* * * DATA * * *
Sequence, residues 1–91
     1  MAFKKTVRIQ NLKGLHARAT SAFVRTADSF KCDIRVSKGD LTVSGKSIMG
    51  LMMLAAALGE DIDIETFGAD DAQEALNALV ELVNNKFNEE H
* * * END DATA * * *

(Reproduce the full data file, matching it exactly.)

Sequence, residues 1–91
     1  MAFKKTVRIQ NLKGLHARAT SAFVRTADSF KCDIRVSKGD LTVSGKSIMG
    51  LMMLAAALGE DIDIETFGAD DAQEALNALV ELVNNKFNEE H